I should say, though, that I do use Editorial or Ulysses on my iPad as a sidekick text editor quite frequently. I started to do so for a non-software related reason: my work machine’s mechanical keyboard is so loud that it bothers people on conference calls, while my iPad’s keyboard—the Apple Magic Keyboard—is so quiet that my phone does not pick it up. Those iOS apps are fantastic, but they are not vital to my Plaintext Productivity system.

My task list

I still use todo.txt for my work task list. Since I wrote Plaintext Productivity, I contributed a ton of patches to my favorite Windows todo.txt app: todotxt.net. I contributed multiple task selection and editing, and a lot of other things. I went on to write Mac and iOS todo.txt apps, SwiftoDo Desktop and SwiftoDo for iOS. I tend to use SwiftoDo for iOS most of the time, and revert to todotxt.net only when I don’t want to context-switch away from my PC to my iPad or iPhone. My todo.txt file is synced via Dropbox between all these apps, so it doesn’t really matter which app I use at any given moment.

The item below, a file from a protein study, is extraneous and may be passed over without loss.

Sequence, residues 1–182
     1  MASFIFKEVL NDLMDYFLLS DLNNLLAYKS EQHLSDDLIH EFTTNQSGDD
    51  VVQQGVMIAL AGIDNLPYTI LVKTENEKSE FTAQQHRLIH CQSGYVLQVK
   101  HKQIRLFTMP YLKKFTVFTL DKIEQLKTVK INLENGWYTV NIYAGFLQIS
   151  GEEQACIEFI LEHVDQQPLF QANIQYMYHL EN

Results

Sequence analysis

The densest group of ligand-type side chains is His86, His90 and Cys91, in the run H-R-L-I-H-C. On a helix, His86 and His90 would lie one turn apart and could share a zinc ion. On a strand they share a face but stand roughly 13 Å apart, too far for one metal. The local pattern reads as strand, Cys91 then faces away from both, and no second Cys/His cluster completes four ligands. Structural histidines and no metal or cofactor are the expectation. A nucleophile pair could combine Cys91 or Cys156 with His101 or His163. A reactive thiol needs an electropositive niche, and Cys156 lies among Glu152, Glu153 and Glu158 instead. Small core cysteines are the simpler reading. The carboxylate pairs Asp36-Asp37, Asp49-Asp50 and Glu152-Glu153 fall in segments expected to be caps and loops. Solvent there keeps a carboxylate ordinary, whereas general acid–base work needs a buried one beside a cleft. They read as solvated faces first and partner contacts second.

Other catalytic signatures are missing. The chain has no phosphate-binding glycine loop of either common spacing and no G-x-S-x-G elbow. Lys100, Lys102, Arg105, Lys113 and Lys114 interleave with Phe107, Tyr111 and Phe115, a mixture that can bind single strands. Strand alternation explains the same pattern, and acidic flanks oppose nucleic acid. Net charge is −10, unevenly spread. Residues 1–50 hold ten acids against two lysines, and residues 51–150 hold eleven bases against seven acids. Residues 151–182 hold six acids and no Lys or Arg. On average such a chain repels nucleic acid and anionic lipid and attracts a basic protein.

Todo.txt is the best system for me because my work, and my GTD-inspired way of looking at my work, tends to present itself as a large number of tasks that get picked up, dropped, and re-prioritized frequently. I have started to dabble with TaskPaper for some of my planning needs, either in my daily work journaling, or when I have a self-directed project to plan, such as drafting a proposal or creating a software-based audit tool. TaskPaper is interesting, but I do too much sorting and filtering of tasks throughout the day for it to supplant todo.txt as my main task list system.

I don’t keep track of every task in my life in todo.txt, however. I prefer to keep my personal tasks separate from my work ones, mainly because I find having them commingled with work tasks distracts me from my work. Therefore, I keep my personal tasks in Reminders, which has had solid Siri support and cross-Apple-device syncing since 2011, and has only gotten better since then. I have changed a lot about how I managed non-work tasks since 2013, but those fall outside my Plaintext Productivity system.